"With this helpline she can ask for help without any embarrassment, and [the scholar] won't know who she is, and she can ask about all the details."
    Rizwan Ali dropped into an internet cafe in north London to examine the Islamic hotline's British website.

    It will be possible to place questions online as well as by phone, in Urdu and Arabic as well as English. It will cost about £4 to have a question answered.
    For Rizwan, the advantage lies in being able to get tailor-made advice appropriate to life in Britain - help he says is otherwise hard to find.
    "For someone like myself born and raised in the UK and living a London-orientated life, this website is great, giving me one-to-one contact with scholars who offer impartial advice."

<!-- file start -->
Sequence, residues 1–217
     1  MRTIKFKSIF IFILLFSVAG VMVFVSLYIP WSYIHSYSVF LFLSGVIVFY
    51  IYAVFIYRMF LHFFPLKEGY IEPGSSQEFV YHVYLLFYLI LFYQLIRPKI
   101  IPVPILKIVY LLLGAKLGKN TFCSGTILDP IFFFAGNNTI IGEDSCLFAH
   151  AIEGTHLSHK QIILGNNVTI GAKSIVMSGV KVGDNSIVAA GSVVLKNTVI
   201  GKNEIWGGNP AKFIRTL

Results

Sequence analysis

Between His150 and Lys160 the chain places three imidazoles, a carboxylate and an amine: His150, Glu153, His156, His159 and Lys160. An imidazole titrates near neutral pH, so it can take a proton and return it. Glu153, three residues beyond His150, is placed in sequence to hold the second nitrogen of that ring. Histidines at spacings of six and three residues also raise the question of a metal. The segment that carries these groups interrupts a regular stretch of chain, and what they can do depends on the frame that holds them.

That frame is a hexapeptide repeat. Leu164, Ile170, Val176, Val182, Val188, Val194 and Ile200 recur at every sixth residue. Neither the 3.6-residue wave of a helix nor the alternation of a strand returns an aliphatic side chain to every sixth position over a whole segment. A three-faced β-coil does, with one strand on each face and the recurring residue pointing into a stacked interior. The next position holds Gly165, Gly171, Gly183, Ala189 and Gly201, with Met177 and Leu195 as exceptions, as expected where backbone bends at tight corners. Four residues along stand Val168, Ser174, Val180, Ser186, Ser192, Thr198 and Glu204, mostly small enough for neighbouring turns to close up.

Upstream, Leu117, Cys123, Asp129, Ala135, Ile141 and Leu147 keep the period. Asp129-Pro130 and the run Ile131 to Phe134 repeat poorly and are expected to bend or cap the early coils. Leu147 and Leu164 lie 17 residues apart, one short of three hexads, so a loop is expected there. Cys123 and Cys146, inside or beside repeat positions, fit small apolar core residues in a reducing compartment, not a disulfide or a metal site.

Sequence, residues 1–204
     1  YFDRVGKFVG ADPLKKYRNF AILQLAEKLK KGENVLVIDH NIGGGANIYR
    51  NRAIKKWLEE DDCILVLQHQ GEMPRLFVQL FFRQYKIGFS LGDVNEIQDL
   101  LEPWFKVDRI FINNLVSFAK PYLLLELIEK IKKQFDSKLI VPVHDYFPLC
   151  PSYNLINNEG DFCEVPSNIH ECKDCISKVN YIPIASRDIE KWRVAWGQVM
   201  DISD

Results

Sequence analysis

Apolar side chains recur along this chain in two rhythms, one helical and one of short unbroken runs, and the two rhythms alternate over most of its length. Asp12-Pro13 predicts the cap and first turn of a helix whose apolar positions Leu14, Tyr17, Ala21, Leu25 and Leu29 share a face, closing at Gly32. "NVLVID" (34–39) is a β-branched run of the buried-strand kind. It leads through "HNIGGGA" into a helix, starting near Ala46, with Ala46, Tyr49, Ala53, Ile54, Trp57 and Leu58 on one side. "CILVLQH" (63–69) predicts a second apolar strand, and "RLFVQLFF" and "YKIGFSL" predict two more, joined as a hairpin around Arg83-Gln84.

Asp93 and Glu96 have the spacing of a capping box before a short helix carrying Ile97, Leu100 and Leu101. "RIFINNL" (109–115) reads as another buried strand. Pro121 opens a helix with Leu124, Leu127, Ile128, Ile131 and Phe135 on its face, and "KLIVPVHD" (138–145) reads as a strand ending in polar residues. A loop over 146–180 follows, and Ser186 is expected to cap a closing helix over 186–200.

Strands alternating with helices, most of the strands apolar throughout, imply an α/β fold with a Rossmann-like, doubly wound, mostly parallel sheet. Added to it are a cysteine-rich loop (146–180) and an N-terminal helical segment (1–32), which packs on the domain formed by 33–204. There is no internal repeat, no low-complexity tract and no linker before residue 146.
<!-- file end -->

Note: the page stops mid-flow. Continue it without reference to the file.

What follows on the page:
Rizwan types in his own question - about whether the traditional Islamic rule that women should travel only with their husband's permission applies in modern Britain.

    In Cairo, Prof Aboshady gives his judgement.
    He says the rule was designed to protect women at a time when travel was dangerous. In Britain that no longer applies.

    Prof Aboshady says true Islamic teaching was designed to make life easier for Muslims and for the non-Muslims with whom they live.
    The backers of the Islamic hotline believe it is an idea that can help defeat the radicals and their austere vision
    http://news.bbc.co.uk/1/hi/uk/8078344.stm
    Young Muslims' helpline launched

    ‘Say: If the ocean were ink wherewith to write out the words of my Lord, sooner would the ocean be exhausted, even if We added another ocean like it.’~Al Qu'raan (18:109)

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    Re: Young Muslims' helpline launched